Ken Garff Automotive Group, ranked ninth on Automotive News’ list of the top 150 dealership groups, continues to invest and grow their operations. On this episode of Inside Automotive, host Jim Fitzpatrick is once again joined by Jason Frampton, Market President of Ken Garff Automotive Group, to discuss how dealers can navigate a changing market and prepare themselves for a possible recession.
Independent storeowners may have concerns about large franchises like Ken Garff, feeling that they are harder to compete with. Frampton notes that his company has had great success adding new dealerships in Arizona, Wyoming, Ohio and Texas. However, many of the stores recently added to the Ken Garff conglomerate were not only surviving, but thriving as standalone businesses. Although working under a larger umbrella offers distinct advantages such as bigger marketing budgets and legal teams, Frampton believes that well run, independent dealerships are still extremely competitive in today’s market.
"A well run standalone dealer can still be as every bit as successful as they've ever been." - Jason Frampton
The used car market has been especially troublesome for dealers to navigate, due to price fluctuations and renewed OEM production. Much of the frustration, Frampton explains, comes from a lack of preparation. Retailers became too comfortable with the unnatural sales environment of 2020 and 2021, when used vehicles suddenly began to appreciate. When the market normalized, these storefronts were caught off guard, failing to take an aggressive, competitive stance in time. Assuming prices drop again in the near future, dealers will need to re-adopt old-school sales tactics. “It doesn’t matter if prices are high or prices are low,” comments Frampton, “we can make good money if we’re willing to treat it like a true market.”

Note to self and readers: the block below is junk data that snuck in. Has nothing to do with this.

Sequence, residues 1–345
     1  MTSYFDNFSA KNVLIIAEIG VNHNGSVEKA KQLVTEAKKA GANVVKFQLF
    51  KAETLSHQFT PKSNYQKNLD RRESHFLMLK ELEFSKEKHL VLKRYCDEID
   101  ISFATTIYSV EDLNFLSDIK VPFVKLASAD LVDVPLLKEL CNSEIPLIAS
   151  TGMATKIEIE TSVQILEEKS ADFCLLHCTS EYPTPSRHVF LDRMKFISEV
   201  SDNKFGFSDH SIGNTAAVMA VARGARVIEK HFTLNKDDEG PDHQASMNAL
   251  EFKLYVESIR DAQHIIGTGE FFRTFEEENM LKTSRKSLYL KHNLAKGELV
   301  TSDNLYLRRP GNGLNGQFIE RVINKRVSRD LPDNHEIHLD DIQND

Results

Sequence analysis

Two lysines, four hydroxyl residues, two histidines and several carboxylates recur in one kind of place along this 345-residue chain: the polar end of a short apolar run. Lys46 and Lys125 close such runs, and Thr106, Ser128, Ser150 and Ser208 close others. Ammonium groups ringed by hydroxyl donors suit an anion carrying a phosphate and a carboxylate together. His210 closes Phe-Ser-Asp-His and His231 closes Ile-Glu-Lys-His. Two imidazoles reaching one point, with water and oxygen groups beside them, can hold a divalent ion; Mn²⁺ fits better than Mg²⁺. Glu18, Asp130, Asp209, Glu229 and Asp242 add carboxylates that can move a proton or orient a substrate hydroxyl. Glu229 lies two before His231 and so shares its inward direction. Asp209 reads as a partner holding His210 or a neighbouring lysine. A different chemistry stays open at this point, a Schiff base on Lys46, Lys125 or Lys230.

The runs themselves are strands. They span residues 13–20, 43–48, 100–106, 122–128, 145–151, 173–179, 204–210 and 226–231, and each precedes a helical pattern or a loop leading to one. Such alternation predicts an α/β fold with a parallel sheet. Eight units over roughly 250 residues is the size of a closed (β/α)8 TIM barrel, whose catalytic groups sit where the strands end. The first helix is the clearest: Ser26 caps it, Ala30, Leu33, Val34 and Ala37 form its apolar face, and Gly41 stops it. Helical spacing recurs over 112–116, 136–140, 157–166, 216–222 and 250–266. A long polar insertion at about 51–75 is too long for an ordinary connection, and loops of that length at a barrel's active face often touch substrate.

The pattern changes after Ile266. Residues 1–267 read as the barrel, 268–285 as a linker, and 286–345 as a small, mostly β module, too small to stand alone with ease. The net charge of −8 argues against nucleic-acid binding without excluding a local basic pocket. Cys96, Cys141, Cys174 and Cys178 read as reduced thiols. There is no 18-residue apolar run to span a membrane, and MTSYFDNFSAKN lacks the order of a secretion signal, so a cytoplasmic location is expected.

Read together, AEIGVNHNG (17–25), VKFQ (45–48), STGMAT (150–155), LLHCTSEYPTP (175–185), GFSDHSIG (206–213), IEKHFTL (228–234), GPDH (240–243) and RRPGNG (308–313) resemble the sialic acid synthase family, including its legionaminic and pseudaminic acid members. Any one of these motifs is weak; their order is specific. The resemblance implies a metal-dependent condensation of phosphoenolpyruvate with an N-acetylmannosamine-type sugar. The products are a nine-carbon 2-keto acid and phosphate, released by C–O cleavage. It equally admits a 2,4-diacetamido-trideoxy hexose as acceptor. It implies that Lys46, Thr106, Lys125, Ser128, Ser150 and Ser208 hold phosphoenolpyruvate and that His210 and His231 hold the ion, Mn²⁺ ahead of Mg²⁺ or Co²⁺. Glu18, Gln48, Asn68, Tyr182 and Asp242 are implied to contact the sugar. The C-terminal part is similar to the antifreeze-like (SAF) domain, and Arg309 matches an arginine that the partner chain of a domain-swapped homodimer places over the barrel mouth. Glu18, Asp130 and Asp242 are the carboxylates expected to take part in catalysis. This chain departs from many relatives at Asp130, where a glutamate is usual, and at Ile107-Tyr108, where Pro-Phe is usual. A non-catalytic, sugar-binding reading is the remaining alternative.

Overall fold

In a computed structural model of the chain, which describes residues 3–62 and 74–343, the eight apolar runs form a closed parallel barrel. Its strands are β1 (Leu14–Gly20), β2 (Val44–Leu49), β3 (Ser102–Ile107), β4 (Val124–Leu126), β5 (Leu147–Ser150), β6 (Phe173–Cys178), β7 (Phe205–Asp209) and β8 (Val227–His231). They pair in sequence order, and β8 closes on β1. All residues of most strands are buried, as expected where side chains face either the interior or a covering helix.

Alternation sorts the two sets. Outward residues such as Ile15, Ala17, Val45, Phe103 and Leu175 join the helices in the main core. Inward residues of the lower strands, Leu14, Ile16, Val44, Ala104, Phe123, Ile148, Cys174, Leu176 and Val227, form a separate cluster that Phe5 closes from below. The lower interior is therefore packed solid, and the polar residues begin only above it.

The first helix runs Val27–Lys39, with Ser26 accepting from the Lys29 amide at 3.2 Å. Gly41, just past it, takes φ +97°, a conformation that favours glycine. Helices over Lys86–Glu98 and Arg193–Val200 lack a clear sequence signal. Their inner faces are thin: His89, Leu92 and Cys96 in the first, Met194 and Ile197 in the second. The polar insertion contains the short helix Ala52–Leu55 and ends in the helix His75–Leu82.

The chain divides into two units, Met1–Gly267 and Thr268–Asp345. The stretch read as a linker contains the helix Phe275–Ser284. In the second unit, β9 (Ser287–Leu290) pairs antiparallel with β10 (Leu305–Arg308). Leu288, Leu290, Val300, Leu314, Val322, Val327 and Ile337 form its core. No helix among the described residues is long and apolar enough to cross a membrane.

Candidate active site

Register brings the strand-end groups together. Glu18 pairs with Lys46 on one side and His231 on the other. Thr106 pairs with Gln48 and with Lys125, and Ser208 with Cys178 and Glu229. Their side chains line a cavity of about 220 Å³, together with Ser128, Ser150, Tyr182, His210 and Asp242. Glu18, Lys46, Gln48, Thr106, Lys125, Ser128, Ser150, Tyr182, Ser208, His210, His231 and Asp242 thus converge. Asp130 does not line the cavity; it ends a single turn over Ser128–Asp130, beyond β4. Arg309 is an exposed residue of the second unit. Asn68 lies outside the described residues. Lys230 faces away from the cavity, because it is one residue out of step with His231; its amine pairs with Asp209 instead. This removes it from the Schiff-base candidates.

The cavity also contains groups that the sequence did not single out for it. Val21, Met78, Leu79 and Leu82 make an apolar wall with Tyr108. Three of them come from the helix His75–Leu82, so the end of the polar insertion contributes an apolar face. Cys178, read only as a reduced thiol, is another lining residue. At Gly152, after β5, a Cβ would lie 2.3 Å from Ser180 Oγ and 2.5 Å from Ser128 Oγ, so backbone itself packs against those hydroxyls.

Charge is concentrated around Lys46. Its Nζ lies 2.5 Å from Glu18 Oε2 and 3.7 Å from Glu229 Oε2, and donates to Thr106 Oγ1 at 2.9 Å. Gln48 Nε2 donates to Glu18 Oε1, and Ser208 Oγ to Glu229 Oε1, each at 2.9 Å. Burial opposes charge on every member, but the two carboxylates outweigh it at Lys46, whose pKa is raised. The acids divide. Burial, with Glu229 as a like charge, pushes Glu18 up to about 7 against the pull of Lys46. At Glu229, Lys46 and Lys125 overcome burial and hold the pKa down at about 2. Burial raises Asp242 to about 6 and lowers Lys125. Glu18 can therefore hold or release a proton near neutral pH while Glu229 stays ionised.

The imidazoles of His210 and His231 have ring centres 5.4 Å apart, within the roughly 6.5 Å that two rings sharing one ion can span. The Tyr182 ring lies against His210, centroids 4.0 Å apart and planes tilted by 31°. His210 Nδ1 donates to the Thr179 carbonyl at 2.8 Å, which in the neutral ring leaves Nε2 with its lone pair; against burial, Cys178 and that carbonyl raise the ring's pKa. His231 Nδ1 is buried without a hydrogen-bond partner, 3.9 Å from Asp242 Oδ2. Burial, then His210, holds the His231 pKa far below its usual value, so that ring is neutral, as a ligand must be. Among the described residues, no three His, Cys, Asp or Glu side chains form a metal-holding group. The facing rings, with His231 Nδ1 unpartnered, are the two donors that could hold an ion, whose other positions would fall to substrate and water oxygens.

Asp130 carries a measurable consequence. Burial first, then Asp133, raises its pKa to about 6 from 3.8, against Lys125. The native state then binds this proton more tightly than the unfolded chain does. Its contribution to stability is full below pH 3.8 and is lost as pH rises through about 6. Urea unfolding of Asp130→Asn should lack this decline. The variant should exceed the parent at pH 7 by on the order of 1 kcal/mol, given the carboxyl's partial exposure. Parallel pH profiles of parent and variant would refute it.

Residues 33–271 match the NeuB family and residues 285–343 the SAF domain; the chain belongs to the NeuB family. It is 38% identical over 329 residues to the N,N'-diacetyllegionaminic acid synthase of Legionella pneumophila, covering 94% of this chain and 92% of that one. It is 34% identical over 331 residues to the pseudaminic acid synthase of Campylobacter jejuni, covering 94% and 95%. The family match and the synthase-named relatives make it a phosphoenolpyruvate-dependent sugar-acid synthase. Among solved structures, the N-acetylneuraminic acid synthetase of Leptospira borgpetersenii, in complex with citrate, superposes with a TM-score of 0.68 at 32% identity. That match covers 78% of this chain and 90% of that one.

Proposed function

According to economists, the probability of a recession arriving later in the year remains high. Although such an event is unlikely to have a massive impact on the car business, dealers will still need to prepare themselves if they want to protect their bottom dollar. Frampton suggests two strategies.
First, dealers should return to a Variable Selling Gross (VSG). By keeping their costs in line with sales, storefronts can maintain their profit margins regardless of demand, protecting themselves in the event that economic headwinds. Although profits may still be suppressed, such a balance is essential to preventing losses brought on by a recession.
Second, storeowners should avoid acting as if the economy is in a recession. “It becomes a self-fulfilling prophecy,” explains Frampton. Rather than worrying over the economy, retailers should instead concentrate their energy into satisfying the demand they have. Even if sales decline, other departments, such as service, still have opportunities to make sufficient revenue.